Issue 57: AKA Corner

People ask me all the time how I got in to kite flying. The answer is that I never really got out. I flew kites as a kid and I was fortunate that none of the grownups wanted anything to do with it. Kites were paper or plastic, mostly they were diamond-shape, and they were sold in drug stores in March and April because that was kite season. And that was pretty much all there was to know about kite flying.

Because they were diamonds, there was a lot of experimentation with bowing, both of the Spreader and the Spine, just to see what it would do. Bridles were on kites for experimentation. Of course, in those days, kites had to have tails, just ask anybody. Those were fun to experiment with too.

I was well in to my thirties when I wandered in to my first kite store. Wow! Box kites with wings! What a terrific idea! They would fly in less wind! Why hadn’t I thought of that? Hey, these kites over here have two bridles on them? Why is that? You can steer them? No! Really?

Well, it was all downhill from there. Some people are thrifty, but I am cheap. I didn’t buy any kites that day. I bought a book, David Pelham’s Penguin Book of Kites. I built several single-line kites from that book, but those two-bridle kites were always in the background, lurking.

One day I got bit by the bug and made a diamond-shaped two-bridle kite adapted from a design in Pelham’s book. It was made from Tyvek and Elmer’s glue and wooden dowels. Then Maggie and I took it out to fly and made very mistake that brand new dual-line flyers make. Hands over the head, short lines, small field surrounded by trees. But I was sure that if Maggie would just hold the kite right, all our problems would be solved.

Well, we lived thru it. I graduated to store-bought Trlby’s. Again, it was time to make every mistake possible. There was a lot of time spent trying to yank them in to the air from having them lying flat on the ground. It was a long time before I happened upon other flyers who were smart enough to stake their lines and let the strings hold the kites in launch position. Gosh, that sure made things easier.

The point I am trying to make is we all started in the same place. People often look at someone who has been around kiting for 20 years and think they will never be able to fly like they do. We all started the same way and faced the same obstacles. Some of us are just too stubborn or too stupid to quit.

There are a lot of people out there who think I am exclusively a Sport Kite Flyer. My friends in Sport Kiting will be very surprised to hear that. My Sport Kite friends keep saying that they will eventually join me in my chair over on the Single Line side of things. I do compete in Open Team Train. I started out in dual-lines by flying stacks, and I love them to this day. Folks will walk right by someone who is flying a top-end delta stunter and doing every trick in the book to look at somebody flying a stack. Then they ask the stack flyer why that person flying the little kite is having so much trouble. That is not to say that either is better than the other. I just love stacks.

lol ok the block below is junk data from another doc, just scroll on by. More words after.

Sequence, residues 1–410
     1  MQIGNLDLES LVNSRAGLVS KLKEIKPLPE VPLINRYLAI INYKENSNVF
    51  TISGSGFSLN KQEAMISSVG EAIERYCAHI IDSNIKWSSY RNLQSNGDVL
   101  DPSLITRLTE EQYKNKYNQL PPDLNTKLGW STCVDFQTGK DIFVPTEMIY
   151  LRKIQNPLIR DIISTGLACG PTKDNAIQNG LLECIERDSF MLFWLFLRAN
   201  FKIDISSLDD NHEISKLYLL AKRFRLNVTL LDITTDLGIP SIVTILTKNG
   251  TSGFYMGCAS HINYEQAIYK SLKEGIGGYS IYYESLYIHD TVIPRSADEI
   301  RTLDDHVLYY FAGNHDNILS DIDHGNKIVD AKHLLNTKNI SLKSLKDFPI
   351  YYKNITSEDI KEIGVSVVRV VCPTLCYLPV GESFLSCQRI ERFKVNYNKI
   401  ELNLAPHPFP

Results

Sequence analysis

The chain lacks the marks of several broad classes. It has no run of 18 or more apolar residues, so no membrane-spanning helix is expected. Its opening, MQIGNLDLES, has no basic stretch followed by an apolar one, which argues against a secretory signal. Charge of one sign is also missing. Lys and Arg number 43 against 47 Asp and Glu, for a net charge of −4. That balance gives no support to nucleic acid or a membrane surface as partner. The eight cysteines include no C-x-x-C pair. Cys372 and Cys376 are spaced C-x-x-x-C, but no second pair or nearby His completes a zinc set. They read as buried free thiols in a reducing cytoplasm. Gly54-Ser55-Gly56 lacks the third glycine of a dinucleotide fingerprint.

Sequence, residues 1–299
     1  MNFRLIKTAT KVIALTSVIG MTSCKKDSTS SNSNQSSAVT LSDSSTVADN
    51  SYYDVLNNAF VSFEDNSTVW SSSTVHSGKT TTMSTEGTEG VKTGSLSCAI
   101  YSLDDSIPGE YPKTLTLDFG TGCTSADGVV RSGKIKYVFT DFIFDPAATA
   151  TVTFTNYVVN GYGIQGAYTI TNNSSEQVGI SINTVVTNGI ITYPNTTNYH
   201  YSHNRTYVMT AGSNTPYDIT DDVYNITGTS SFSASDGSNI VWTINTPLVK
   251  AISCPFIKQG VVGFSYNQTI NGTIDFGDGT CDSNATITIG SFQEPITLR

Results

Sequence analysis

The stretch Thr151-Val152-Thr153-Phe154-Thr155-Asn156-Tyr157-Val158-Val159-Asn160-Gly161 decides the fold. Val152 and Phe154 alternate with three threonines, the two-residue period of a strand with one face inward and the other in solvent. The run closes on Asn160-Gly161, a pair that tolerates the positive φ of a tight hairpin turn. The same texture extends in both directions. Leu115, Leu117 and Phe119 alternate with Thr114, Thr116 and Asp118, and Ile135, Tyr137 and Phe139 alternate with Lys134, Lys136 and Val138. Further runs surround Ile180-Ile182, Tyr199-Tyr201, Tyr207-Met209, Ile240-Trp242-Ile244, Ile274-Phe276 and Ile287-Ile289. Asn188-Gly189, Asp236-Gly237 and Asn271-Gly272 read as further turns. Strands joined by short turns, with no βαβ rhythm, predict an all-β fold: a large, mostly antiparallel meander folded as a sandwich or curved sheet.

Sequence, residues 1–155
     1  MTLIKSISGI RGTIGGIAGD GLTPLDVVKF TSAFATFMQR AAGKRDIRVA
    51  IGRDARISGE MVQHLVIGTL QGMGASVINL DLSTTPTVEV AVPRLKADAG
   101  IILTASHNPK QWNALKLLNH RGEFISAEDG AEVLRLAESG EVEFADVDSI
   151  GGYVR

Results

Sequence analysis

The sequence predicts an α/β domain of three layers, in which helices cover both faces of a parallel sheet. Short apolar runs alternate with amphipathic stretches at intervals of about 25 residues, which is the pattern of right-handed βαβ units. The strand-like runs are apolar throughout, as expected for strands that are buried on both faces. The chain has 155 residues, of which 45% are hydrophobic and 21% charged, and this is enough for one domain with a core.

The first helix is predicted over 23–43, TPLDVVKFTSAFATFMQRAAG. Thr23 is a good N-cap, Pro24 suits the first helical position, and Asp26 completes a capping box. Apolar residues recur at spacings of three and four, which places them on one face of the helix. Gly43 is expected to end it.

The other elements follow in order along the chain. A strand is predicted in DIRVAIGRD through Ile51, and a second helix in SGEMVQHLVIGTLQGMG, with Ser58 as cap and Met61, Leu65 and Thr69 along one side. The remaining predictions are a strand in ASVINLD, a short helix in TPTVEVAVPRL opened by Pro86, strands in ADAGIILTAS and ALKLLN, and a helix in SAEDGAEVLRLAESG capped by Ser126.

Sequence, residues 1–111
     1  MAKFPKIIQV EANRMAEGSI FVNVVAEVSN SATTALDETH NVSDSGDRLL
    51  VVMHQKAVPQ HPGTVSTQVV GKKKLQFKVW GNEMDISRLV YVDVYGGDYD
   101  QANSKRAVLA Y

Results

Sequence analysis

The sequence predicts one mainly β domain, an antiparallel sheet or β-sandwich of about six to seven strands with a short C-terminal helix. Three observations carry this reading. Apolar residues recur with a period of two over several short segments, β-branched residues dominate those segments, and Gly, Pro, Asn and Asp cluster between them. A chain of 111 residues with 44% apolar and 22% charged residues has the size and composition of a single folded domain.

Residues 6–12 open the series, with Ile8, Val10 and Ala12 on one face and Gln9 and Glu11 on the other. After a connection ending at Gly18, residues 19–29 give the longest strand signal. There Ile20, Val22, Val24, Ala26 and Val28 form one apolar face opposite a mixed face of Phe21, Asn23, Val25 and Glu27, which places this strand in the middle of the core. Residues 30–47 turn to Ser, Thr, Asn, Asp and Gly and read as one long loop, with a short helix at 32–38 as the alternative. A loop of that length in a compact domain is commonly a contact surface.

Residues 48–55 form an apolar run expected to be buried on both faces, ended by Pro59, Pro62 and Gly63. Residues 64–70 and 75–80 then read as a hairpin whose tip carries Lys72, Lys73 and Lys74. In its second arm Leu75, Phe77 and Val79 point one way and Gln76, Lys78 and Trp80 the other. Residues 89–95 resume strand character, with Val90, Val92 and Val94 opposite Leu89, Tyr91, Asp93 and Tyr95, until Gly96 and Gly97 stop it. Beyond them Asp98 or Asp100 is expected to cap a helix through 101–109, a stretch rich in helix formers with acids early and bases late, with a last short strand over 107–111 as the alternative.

Field Staff at most kite competitions is often overlooked and under-valued. Many people, even competitors, don’t realize that the schedule is organized the way it is in order to use people to judge without interfering too much with their ability to compete in their disciplines.

I started Field Directing in 1991 and still love to do it whenever needed. I only compete in one event, so it is easy for a Chief Judge to slot me in wherever they need me. In an absolutely perfect world, all judges and Field Directors and Pit Bosses would be non-competitors. Then the schedule could be organized strictly around the disciplines and the competitors and things would go a lot faster.

Yes, there is a school of thought that says non-competitors are not good judges. Well, um, there are some long-time competitors who are not good judges. It doesn’t stop a Chief Judge from using them when they have to. Everyone wants to be judged by the most informed, least biased, most attentive judges available. Often times, the best way to make that happen is to offer to be one of those judges.

I am already thinking ahead to the Nationals at the Gettysburg Convention. I am committed to that competition being the best Nationals the AKA has seen in a while. Part of that is to have as much field staff on board as possible, as early as possible. Let’s all start encouraging people to be there and to volunteer to be field staff. Everybody who has ever thought of possibly judging, or felt they had inadequate judges at their last competition, offer to Shadow Judge at least one event at their next competition. Let’s start growing as many judges as we can so we get to the point that we have more than we need.

Now go fly something. See you out there somewhere.

Good heavens;

Gary Engvall

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